Friday, January 13, 2017

Nicole Kidman, Meryl Streep, Fat Albert

Meryl Streep.

Aren't we all sick of her?

WSWS writes:

However, the basis of the actress’s opposition—and liberal Hollywood’s overall—is neither substantial nor genuinely principled and does not give a lead to the mass opposition that will emerge to the Trump administration.
Well-to-do layers in the film and entertainment industry have a close relationship with the Democratic Party. Streep was a prominent speaker at last year’s Democratic National Convention, which nominated the corrupt warmonger Clinton.
Streep made a thoroughly banal and establishment speech there, in which she paid tribute to America’s “female firsts,” including US Supreme Court Justice Sandra Day O’Connor, Democratic Congresswoman Shirley Chisholm and Secretary of State Madeline Albright. Streep declared that Clinton “will be our first woman president. And she will be a great president.”
For eight years, Hollywood has been almost universally and vocally enthusiastic in its support for Barack Obama, even as his administration has run roughshod over democratic rights, prosecuted one bloody neo-colonial war after another, killed thousands with drones, and presided over a massive stock market bonanza for the rich. Where was Streep and the others when the Obama administration persecuted whistleblowers, drew up “kill lists” and ordered the assassination without due process of American citizens? Why did no one call Obama and his officials “on the carpet” for their “outrages”? This record of sordid acquiescence, frankly, diminishes the moral force of Hollywood liberals’ present critique of Trump.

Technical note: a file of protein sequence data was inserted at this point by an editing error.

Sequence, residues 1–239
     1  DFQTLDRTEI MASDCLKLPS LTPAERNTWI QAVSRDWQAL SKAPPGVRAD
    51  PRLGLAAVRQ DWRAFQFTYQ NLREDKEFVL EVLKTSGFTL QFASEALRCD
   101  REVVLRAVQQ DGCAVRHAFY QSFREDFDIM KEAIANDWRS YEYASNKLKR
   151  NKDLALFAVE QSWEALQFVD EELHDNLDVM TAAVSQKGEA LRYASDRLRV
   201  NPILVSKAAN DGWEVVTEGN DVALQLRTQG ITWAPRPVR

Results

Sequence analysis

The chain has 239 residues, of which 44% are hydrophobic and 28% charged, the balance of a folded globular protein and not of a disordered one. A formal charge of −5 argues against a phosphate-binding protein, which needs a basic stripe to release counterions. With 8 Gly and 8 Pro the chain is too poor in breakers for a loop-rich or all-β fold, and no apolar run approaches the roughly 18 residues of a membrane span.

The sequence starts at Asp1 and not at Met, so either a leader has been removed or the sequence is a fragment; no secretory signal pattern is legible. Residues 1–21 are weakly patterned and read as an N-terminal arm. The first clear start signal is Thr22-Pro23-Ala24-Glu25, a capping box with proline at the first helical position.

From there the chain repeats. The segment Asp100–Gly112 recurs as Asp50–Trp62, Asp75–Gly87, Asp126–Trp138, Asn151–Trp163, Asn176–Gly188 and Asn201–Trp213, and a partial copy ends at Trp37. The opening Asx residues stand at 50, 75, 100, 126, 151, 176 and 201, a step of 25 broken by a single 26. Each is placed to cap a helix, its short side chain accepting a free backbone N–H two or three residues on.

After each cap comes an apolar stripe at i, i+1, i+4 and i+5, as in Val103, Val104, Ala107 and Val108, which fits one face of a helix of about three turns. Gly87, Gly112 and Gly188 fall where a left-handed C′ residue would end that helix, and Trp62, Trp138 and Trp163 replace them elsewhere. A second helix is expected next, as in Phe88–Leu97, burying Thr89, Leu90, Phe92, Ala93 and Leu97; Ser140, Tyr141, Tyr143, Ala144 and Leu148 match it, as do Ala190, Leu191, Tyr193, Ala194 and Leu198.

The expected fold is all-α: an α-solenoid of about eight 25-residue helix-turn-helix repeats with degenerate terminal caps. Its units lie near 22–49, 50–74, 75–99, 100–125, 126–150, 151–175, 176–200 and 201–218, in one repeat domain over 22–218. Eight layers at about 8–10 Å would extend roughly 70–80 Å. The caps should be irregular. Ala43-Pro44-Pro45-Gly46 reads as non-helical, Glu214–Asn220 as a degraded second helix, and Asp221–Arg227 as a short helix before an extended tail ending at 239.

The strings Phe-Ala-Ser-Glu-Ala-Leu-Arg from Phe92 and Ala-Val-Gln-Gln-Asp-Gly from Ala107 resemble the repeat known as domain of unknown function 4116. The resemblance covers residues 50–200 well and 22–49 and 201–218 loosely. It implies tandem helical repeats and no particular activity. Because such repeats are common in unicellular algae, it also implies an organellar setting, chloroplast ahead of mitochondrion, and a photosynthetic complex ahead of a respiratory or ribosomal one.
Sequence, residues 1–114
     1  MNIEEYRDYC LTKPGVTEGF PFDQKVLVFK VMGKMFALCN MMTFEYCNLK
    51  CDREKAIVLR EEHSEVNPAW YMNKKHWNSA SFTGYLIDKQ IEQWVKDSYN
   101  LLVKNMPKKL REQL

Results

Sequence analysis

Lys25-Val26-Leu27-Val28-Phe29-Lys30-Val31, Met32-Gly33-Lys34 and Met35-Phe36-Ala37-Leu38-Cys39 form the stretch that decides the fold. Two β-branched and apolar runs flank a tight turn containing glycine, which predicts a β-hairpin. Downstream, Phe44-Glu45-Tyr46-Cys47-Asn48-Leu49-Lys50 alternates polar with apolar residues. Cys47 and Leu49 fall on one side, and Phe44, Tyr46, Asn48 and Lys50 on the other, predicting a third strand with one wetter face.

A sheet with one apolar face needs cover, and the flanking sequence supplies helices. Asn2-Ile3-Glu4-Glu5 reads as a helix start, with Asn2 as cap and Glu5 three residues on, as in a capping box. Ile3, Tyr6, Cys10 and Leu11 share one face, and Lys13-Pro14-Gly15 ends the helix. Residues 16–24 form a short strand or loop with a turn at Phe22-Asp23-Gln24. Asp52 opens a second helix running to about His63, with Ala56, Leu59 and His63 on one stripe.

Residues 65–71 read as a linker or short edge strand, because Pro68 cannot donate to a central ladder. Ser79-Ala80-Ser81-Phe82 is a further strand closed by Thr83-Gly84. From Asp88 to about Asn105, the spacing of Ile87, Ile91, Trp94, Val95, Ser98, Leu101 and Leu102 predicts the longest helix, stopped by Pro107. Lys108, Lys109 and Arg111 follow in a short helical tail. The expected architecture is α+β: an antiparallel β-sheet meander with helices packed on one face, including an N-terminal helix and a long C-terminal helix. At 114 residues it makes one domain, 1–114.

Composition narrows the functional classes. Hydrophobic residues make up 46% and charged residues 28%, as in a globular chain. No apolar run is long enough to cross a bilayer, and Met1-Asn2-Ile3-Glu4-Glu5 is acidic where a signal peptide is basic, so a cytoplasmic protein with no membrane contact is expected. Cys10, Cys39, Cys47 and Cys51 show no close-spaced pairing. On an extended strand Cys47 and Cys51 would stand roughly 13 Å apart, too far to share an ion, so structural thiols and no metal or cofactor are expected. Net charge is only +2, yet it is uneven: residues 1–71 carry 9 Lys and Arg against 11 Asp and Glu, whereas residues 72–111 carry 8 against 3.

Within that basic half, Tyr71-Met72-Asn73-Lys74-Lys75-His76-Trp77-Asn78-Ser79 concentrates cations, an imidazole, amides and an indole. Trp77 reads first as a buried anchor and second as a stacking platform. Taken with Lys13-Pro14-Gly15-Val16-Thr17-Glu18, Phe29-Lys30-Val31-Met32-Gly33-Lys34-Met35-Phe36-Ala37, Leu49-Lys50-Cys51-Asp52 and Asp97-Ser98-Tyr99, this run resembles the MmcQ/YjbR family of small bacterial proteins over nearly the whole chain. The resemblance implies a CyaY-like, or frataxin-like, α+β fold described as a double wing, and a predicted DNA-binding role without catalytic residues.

Look at the comments to that article.

Banal describes both her speech and her acting.

I prefer Nicole Kidman as an actress and I also preferred her maturity about how the election is over.

Good for Nicole.

US House Rep. John Lewis is making an idiot of himself again.

Trump's not a legitimate president.

Oh shut up old man.

Your work in the sixties on Civil Rights long stopped mattering as you allowed wars and corruption and back them and encouraged them.

And, let's be honest, you a mush mouth, John Lewis.